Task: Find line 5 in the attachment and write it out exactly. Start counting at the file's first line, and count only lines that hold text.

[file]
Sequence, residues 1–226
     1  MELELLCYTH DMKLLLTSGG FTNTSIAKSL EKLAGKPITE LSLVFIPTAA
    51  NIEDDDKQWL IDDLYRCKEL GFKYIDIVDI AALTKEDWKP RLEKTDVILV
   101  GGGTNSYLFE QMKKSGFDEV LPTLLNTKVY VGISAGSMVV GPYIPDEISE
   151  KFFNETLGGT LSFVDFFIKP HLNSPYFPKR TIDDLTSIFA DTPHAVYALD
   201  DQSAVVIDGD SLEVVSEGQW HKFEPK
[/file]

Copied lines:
   151  KFFNETLGGT LSFVDFFIKP HLNSPYFPKR TIDDLTSIFA DTPHAVYALD